Once again, CCP allows fleetfights with no hard limit on the number of participants, but their stance is "Yes, we allow you to do this, but be aware of the potential consequences - we won't reimburse you for lag or poor server performance".

  • by Yoik ( 955095 ) on Tuesday January 05, 2010 @05:01AM (#30652668) Journal

    Eve is operated with a very laissze faire policy. Fraud, taking advantage of weak code, and other forms of "cheating" only get punished if repeated after explicit announcements. Piracy and fraud attempts are one of the interesting learning aspects for most new players.

    The game is treated as something to be played as it is, not as some perfect environment where you should be compensated for deviations.

    This is to my taste, as is the extreme PVP orientation. Playing a carebear game instead of Eve is a more appropriate response than whining if you don't like it.

  • by acz ( 120227 ) < minus caffeine> on Tuesday January 05, 2010 @05:44AM (#30652910) Homepage

    OP is a bit lame as it fails to even mention Pandemic Legion who
    lost the 4 titans.

    Pandemic Legion loses 4 titans []
    ( contains teamspeak recordings of the attack, screenshots, chatlogs, etc...)

    Bobbechk's comic strip about the event []

    EVE-O Uncensored Daily Political Updates [] (reliable source of information about EVE Online politics, updated daily.)

  • Re:Easy fix (Score:3, Informative)

    by ihavnoid ( 749312 ) on Tuesday January 05, 2010 @07:23AM (#30653354)

    If money and sheer 'raw performance' could solve the problem, I'd bet that they would have already done that. The (salary of the engineers + server downtime + crashses (resulting in bad reputation) + etc.) are much more expensive than the hardware cost.

    The problem in this situation is that they are trying to put too many people inside a small region.

    For example, if you develop some kind of chat server, which can have 10 people inside a single room, and assuming that each person types one message per second, you have 10 messages per second on the room for 10 people, resulting in 100 messages transmitted per second. Make that 1000, and you have 1,000,000 messages to broadcast per second.

    The problem is that, all that data has to get out of your server farm. Even worse, is that the required bandwidth grows square-proportional of the number of users on the battlefield. Now, add the 'computing load distribution' when the computation (and the interaction between the users) also grows square-proportional of the number of users. Things will get ugly quickly. That's why most MMOs put queues and user caps on individual 'servers' or 'instances' or whatever, because potentially everything inside the region need to interact with each other.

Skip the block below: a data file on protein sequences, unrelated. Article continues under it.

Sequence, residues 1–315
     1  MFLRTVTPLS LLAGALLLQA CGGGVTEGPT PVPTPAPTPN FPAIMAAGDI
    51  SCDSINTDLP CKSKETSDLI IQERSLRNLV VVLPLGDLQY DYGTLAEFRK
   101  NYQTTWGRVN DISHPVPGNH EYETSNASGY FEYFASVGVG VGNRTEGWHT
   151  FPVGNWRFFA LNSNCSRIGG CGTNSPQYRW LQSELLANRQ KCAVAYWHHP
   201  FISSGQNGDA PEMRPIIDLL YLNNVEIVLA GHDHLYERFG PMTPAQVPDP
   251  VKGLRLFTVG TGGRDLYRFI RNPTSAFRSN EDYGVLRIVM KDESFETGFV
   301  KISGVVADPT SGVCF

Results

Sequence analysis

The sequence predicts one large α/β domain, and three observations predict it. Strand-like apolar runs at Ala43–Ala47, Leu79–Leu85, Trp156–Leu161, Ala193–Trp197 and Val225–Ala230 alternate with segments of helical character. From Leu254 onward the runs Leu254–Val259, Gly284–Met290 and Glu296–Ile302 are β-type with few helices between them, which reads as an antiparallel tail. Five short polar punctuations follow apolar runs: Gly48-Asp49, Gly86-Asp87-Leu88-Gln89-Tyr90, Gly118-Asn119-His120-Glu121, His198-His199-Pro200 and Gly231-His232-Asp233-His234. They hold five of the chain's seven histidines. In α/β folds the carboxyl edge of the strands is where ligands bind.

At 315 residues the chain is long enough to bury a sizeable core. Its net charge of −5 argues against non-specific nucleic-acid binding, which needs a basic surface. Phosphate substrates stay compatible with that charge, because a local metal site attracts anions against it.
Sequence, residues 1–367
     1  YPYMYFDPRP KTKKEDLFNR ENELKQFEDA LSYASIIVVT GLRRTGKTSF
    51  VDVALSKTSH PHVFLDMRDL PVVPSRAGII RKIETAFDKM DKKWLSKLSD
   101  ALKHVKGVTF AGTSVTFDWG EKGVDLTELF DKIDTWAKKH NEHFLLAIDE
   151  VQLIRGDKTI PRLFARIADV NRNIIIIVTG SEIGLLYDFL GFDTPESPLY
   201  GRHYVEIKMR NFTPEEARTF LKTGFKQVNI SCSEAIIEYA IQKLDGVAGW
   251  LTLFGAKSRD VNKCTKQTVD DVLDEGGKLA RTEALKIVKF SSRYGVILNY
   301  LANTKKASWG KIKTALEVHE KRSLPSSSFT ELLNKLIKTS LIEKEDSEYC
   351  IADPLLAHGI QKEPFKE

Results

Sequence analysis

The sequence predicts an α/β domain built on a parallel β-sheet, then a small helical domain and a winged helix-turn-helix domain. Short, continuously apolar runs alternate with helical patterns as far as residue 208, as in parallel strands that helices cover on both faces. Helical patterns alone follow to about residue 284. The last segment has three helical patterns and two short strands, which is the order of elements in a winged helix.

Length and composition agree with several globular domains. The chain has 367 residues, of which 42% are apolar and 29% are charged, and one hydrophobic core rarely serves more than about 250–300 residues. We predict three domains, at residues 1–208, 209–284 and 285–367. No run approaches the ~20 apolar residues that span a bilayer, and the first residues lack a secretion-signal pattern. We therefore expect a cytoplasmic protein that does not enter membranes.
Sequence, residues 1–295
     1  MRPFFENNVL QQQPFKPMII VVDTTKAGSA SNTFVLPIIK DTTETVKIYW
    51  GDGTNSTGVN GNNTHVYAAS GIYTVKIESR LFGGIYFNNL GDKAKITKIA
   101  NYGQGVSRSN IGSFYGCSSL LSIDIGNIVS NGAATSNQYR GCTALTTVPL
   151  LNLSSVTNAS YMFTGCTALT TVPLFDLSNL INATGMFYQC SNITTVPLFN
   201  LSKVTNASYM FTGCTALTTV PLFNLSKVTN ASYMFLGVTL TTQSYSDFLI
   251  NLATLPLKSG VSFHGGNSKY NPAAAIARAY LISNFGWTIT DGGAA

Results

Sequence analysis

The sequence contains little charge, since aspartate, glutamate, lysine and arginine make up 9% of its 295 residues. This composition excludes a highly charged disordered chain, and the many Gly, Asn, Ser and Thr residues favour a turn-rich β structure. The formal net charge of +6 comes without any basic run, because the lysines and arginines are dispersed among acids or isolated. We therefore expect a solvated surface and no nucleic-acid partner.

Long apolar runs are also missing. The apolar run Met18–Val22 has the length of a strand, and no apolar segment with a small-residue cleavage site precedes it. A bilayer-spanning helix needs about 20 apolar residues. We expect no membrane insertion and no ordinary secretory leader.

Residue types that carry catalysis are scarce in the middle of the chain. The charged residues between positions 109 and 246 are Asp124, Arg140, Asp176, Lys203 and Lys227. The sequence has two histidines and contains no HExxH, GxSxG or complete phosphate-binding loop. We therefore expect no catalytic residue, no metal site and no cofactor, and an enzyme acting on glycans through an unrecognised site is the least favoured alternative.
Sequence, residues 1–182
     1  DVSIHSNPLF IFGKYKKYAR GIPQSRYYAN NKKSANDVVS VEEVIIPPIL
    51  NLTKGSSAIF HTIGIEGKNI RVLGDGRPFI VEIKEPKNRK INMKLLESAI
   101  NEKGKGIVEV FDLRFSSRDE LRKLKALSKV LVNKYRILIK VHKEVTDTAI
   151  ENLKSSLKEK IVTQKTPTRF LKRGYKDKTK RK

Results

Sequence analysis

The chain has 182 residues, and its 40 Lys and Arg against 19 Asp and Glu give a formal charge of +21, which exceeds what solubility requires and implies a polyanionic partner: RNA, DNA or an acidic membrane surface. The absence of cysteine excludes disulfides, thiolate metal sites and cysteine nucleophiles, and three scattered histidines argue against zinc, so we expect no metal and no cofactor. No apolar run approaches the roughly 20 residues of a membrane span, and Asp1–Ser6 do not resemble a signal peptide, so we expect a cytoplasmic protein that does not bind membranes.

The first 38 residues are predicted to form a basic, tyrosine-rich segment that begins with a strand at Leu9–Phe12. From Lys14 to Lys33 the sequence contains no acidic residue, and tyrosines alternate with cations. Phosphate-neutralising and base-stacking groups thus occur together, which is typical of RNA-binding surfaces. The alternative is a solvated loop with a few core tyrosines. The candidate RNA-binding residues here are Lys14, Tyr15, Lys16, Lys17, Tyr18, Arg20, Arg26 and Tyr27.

Actually, I heard that EVE online had done a tremendous job scaling the size of battlefields up to remarkable sizes. Well, at least they are trying.

  • by Anonymous Coward on Tuesday January 05, 2010 @07:40AM (#30653432)

    Yeah, but they had it coming, all of them.

    EVE is a ruthless game that encourages players to be ruthless; and apparently, exploiting bugs in the codebase, trying to crash servers etc. are considered acceptable tactics. But beyond these specific tactics, EVE not just encourages people to engage in *metagaming*, but in fact pretty much makes it necessary to do so.

    Given that, people did get what they deserve. If you get into a boxing match, don't complain about a broken nose. It's not what's intended to happen, no, but given the activity you're engaging in, it's obvious that it is a possible outcome, so if you want to avoid it altogether, don't do boxing. If you play chess instead, for example, then the bloody battles of the opposing armies wlll only exist in your mind, and the players themselves will be unscathed.

    I hope the difference is clear. If it's not, consider classic (pen and paper) roleplaying. Wouldn't you frown upon players that use knowledge and information their characters don't have, for example? Players that try to read the DM's notes to get an idea of what's waiting for them?

    EVE is not about cooperating (as players, not necessarily characters!) in a shared fantasy or imagined environment. And CCP is right when they say "sorry, but tough luck". If you live by the sword, don't complain if you die by the sword.

  • GoonSwarm (Score:2, Informative)

    by wernox1987 ( 1362105 ) on Tuesday January 05, 2010 @08:54AM (#30653718)
    Wasn't the stated purpose of the Swarm to grief BoB in game? When did they get all serious about the game (just like the group they were mocking).
  • Clarification (Score:4, Informative)

    by Zos23 ( 1614073 ) on Tuesday January 05, 2010 @10:01AM (#30654170)
    A lot of what was said here is incorrect. EVE usually allows for very nice fleet battles with small amounts of lag. However about a month ago a new expansion was introduced that includes a nasty bug which makes it extremely hard for people to load the grid that already contains many other players. There were several battles in the past month where one side was completely annihilated because of that bug. Everyone involved in that conflict was already aware of that. IT alliance had a strong presence in system for the whole day, preparing for possible battle. Their enemies decided to show up when it was almost over while boasting about crashing the node. Sov was neutral and both parties had the same starting position. IT was bringing in forces during the whole day, the other side did nothing about it and gambled it all on one moment and lost.